The Creation Graph provides an artist-friendly way to create custom shaders by wiring together nodes into a shader network. Each node in the graph represents a snippet of HLSL code that gets combined by the shader system plugin into full HLSL programs. It can sometimes be nice to work directly with HLSL code for more advanced shaders, either by exposing new helper nodes to the Creation Graph or by directly writing a complete shader program in HLSL. This is typically done by adding new
.tmsl files (where
tmsl stands for
The Machinery Shading Language) that The Machinery loads on boot up.
.tmsl file is essentially a data-driven JSON front-end for creating and populating a tm_shader_declaration_o structure which is the main building block that the compiler in shader system plugin operates on. While a tm_shader_declaration_o can contain anything needed to compile a complete shader (all needed shader stages, any states and input/output it needs, etc), it is more common that they contain only fragments of and multiple tm_shader_declaration_o are combined into the final shader source that gets compiled into a tm_shader_o that can be used when rendering a draw call (or dispatching a compute job).
Note: You can find all built-in shaders in the folder:
./bin/data/shadersshipped with your engine version. (For source access:
creation_graph block in the
.tmsl file will get exposed as a node in the Creation Graph. Nodes exposed to the Creation Graph can either be function nodes (see:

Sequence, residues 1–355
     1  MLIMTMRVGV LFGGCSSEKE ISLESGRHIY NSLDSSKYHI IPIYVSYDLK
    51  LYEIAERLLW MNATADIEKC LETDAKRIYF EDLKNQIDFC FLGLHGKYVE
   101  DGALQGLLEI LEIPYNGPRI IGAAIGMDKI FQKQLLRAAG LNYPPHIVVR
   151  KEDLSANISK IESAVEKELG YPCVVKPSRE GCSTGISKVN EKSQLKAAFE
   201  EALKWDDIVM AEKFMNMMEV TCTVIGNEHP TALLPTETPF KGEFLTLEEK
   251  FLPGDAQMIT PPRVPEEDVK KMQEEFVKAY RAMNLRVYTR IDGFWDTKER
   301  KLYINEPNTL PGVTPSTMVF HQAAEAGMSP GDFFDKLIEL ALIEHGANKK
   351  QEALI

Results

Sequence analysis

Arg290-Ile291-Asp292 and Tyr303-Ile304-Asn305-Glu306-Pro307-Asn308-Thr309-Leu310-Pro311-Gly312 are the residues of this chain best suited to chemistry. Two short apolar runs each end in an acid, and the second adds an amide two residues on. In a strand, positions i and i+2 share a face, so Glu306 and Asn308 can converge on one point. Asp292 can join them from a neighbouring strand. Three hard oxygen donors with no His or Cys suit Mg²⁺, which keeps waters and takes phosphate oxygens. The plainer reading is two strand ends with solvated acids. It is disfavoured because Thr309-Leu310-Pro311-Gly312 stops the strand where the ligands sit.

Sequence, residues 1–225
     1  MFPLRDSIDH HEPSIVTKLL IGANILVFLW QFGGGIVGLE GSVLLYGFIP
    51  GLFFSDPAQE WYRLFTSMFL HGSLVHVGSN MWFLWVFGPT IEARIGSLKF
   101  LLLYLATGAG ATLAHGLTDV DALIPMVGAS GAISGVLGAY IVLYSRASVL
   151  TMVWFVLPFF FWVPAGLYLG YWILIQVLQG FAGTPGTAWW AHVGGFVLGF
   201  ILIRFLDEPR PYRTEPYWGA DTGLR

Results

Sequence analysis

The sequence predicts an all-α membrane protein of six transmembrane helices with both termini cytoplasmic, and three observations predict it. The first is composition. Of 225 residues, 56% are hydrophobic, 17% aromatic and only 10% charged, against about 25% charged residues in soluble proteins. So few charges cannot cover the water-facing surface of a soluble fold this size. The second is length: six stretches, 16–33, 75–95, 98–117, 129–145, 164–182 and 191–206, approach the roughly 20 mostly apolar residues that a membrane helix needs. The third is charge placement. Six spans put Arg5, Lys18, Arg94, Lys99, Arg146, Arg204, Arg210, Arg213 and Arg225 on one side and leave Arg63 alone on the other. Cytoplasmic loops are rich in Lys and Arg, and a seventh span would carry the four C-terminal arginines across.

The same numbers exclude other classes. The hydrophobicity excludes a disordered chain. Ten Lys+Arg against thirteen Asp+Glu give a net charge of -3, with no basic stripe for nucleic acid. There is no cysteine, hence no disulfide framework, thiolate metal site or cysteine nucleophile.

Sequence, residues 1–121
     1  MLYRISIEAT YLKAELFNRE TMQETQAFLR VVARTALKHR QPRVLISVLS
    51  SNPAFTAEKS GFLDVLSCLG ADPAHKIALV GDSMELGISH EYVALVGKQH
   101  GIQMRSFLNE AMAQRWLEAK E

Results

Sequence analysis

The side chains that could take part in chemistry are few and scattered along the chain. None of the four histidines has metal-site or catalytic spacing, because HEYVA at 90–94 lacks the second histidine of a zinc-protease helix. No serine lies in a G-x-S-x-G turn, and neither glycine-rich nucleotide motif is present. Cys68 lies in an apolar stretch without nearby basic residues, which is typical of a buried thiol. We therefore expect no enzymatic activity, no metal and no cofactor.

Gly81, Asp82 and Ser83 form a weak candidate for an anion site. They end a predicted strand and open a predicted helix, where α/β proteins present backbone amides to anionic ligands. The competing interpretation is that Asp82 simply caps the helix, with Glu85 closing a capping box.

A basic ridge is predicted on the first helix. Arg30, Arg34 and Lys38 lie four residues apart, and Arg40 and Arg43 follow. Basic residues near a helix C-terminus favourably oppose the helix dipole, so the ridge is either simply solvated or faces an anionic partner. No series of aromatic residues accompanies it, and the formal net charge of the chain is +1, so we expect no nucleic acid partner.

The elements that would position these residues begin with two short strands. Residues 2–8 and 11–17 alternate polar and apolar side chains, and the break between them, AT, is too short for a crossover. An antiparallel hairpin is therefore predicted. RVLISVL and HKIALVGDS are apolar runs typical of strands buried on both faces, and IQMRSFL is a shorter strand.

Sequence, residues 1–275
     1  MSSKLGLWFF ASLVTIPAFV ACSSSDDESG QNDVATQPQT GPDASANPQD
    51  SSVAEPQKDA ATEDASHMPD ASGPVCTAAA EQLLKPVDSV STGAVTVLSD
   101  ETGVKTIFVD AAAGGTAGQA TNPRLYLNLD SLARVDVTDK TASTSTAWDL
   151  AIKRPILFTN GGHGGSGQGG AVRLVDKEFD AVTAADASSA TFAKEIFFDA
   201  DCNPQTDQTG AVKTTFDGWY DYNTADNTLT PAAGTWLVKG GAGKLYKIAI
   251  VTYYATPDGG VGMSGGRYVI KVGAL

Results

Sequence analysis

data/shaders/nodes/) or output nodes (see:
data/shaders/output_nodes/). A function node won't compile into anything by itself unless it's connected to an output node responsible for declaring the actual shader stages and evaluating the branches of connected function nodes.
Note: More information about creating creation graph nodes you can find in the Creation Graph Section:
Typically these are function nodes (see
data/shaders/nodes) that won't compile into anything without getting connected to an "output" node. We ship with a few built-in output nodes (see
data/shaders/output_nodes) responsible for declaring the actual shader stages and glue everything together.
The whole Shader System is explained in more detail within these posts:
- The Machinery Shader System (part 1)
- The Machinery Shader System (part 2)
- The Machinery Shader System (part 3)
- Efficient binding of shader resources
If you intend to write custom shaders you can. All your custom shaders need to be placed under the
bin\data\shaders of the engine. They will be automatically compiled (if needed) on boot up of the Editor. For help with how to write a custom shader please follow the
The Machinery Shading Language Guide